Community Backed Anti-Drug Anti-Crime Anti-Violence Tax
  1. There are no easy answers for stopping all this violence, but we must keep seeking solutions

    Reducing Violence Requires Working Together

    As we do the grim calculations (nine homicides in 10 days, 87 thus far this year) let’s remember a name goes with each of those numbers.  As we mourn those taken from us, we cannot expect any one person or group alone—not the police, the courts, the schools—to reduce the violence in our neighborhoods. It’s going to take working together to make a real and meaningful difference.
    » MORE

  1. Firearm Violence Represents A Public Health Crisis

    Trauma Surgeons Have Seen Gun Violence Carnage Up Close—And It Is Personal

    The words of the trauma surgeons who had threated countless gunshot wounds carried a lot of weight during a KU Medical Center symposium about the epidemic of firearm violence across the nation (and in our own community). But the one non-surgeon who spoke during the day-long event really struck a chord when she said, “Our kids are worrying about being shot in their schools. How many are going to have PTSD? Our kids are thinking like kids in a war-torn nation."
    » MORE
  1. TWEP Public Meeting Flier

    Input Needed For KCI Project

    The construction of a new single terminal at Kansas City International Airport presents a host of new job opportunities. To gauge the needs of those who could pursue these opportunities, the Terminal Workforce Enhancement Programs (TWEP) is currently conducting an online survey and will be hosting public meetings throughout the metropolitan area Aug. 26-Sept. 11. The areas of focus range from training to extended child care and public transportation. 
  1. Medical Marijuana Series

    » Part 1: Cause For Concern
    Concerns being raised with dispensaries due to open in 2020.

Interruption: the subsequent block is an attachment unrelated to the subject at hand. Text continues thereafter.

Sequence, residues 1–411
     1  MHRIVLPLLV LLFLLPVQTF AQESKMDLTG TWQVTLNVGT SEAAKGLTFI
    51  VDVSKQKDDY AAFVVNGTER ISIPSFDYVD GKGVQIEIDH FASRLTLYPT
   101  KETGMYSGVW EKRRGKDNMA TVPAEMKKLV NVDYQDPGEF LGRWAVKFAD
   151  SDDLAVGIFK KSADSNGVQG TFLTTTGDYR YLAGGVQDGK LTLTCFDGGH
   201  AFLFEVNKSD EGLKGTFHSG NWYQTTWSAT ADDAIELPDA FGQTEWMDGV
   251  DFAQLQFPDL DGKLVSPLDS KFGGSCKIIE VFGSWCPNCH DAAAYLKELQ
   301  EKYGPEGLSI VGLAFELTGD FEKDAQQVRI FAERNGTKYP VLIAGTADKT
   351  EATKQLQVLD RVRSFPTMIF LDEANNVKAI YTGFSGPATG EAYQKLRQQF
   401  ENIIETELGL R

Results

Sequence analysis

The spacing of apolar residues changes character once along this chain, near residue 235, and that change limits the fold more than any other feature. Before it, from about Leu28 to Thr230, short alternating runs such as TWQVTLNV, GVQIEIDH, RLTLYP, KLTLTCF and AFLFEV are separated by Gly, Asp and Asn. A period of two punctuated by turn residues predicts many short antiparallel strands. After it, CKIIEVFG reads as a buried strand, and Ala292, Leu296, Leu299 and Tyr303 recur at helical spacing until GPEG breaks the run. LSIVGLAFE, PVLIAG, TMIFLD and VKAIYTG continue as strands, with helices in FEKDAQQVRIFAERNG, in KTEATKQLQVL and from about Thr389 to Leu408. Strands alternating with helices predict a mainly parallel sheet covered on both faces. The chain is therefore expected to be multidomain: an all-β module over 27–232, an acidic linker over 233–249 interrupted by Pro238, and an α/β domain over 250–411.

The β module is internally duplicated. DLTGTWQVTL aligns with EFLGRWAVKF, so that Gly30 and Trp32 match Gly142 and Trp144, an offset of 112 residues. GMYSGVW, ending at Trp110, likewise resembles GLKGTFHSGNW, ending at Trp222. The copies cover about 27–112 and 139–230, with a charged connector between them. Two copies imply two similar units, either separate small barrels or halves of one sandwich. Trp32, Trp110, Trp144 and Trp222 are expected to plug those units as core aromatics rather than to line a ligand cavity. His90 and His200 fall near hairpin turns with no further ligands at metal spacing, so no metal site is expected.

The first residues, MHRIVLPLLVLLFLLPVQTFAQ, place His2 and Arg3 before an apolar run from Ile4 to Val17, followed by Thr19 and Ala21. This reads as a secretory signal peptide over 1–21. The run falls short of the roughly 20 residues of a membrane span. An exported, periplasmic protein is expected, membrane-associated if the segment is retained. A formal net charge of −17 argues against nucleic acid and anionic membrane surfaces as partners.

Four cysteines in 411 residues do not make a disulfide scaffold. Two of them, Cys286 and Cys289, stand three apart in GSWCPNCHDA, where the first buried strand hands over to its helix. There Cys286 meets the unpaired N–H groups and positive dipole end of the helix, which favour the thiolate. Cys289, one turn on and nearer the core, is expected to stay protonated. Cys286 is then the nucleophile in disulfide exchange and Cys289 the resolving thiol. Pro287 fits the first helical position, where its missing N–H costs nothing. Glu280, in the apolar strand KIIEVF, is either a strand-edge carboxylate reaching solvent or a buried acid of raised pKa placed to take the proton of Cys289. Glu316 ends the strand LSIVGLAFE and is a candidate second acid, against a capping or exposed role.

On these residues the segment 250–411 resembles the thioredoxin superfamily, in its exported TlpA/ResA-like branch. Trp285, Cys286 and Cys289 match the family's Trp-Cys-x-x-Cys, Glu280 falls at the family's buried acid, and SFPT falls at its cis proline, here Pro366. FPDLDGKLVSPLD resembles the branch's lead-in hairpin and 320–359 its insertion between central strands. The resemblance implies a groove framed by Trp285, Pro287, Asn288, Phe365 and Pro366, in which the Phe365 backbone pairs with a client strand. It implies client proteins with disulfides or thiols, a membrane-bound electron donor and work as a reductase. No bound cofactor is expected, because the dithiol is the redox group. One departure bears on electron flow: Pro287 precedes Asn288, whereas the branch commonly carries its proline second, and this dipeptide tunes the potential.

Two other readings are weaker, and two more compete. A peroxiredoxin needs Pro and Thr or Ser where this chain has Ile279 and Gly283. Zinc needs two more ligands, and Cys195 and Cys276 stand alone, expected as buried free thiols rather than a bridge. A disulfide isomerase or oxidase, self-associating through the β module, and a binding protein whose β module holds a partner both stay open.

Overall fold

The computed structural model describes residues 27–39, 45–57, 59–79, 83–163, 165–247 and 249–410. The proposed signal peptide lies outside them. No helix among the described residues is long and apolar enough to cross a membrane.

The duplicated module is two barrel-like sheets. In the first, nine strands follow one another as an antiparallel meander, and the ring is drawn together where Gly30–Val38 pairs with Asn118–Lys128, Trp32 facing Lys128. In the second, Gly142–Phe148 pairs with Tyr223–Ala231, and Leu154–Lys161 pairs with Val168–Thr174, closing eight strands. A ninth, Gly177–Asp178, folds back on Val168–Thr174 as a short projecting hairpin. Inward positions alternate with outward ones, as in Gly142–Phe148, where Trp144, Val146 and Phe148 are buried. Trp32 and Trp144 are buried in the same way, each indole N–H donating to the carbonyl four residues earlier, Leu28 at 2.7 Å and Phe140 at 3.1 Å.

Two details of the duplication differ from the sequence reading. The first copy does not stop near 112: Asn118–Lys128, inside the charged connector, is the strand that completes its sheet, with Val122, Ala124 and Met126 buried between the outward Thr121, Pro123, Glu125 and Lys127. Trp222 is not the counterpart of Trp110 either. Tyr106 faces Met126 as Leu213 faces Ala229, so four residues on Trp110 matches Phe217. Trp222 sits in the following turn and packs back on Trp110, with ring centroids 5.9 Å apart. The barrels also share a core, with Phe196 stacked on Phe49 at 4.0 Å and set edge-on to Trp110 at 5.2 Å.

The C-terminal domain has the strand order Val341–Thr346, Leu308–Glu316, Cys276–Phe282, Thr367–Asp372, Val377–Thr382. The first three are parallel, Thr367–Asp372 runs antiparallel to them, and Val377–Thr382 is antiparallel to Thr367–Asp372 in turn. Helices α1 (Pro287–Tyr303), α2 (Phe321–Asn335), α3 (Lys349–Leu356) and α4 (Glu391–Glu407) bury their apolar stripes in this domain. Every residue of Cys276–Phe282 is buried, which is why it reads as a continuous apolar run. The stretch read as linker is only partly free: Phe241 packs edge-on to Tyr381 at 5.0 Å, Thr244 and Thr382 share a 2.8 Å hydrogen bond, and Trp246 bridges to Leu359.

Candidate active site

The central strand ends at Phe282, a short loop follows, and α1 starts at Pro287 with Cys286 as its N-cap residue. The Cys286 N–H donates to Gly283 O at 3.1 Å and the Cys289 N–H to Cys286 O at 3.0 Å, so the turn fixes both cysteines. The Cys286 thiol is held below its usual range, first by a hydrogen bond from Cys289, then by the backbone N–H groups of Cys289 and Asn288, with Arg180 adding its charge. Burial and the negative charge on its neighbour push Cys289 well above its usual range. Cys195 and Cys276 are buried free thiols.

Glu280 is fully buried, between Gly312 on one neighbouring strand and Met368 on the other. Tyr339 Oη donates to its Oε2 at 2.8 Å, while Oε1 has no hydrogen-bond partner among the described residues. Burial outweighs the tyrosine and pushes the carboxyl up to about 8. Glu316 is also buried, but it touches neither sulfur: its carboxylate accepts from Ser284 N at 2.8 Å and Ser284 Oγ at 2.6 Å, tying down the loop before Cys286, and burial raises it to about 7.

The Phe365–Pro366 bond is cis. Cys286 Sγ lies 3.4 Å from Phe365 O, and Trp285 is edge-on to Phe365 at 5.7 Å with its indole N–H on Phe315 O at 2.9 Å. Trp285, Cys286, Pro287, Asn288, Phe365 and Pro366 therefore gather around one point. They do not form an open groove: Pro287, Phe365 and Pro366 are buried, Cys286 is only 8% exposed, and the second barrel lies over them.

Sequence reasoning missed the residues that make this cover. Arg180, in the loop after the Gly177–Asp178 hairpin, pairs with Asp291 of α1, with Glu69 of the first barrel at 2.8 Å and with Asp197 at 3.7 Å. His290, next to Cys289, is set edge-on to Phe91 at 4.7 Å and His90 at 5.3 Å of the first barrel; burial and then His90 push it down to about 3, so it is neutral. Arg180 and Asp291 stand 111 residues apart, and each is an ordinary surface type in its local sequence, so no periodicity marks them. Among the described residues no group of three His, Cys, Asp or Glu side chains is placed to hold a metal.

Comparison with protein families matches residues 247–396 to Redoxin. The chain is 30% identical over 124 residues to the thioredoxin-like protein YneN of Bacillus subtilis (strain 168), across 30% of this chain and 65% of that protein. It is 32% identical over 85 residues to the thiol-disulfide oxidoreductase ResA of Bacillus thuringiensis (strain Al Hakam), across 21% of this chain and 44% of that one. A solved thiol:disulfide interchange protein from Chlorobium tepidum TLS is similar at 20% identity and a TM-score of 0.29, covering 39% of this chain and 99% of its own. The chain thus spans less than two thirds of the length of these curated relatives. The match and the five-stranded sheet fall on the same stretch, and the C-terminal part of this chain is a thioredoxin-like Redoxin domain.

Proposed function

» Part 2: Buffer Zones
    Kansas City will allow dispensaries 300 feet from schools.

    » Part 3: When Laws Clash
    Medical marijuana use while living in federally-subsidized housing might result in eviction.

    »Part 4: This Ain't Candy
    "Who eats just one Gummy Bear?" Overeating edibles can cause severe reactions.

    » Part 5: Just A Coincidence?
    Overdose deaths on the rise during same time states have been legalizing marijuana.

COMBAT Funding Pie Chart

Half Toward Enforcement

COMBAT is supported through a quarter-center sales tax that Jackson County voters first approved in 1989 and have since renewed multiple times—the last time being in 2016 when they voted (with record 77% support) extending the COMBAT text another nine years. 

The tax generates more than $20 million a year to support prevention, treatment and anti-violence programs. The County Legislature approved a forumlar to distribute the funding, with half the revenue going toward law enforcement efforts.

A quarter-cent sales tax equates to an extra 25 cents per $100 spend. An estimated 30% of COMBAT revenue is generated by non-Jackson County resident paying the tax when shopping in the county. » MORE



Where Are COMBAT Resources Needed Most?

Where is COMBAT needed most? Data is now helping dictate how COMBAT resources can best be utilizing. Statistics are being used to generate smart maps that identify the "hot spots" in Jackson County—areas with high concentrations of violence (aggravated assaults, homicides, rapes and robberies).

COMBAT is using these maps to focus COMBAT-funded agencies, social services providers, law enforcement officials, elected leaders, school administrators and others on a collaborative, all-encompassing approach to helping reduce crime and cool down the "hot spots." » MORE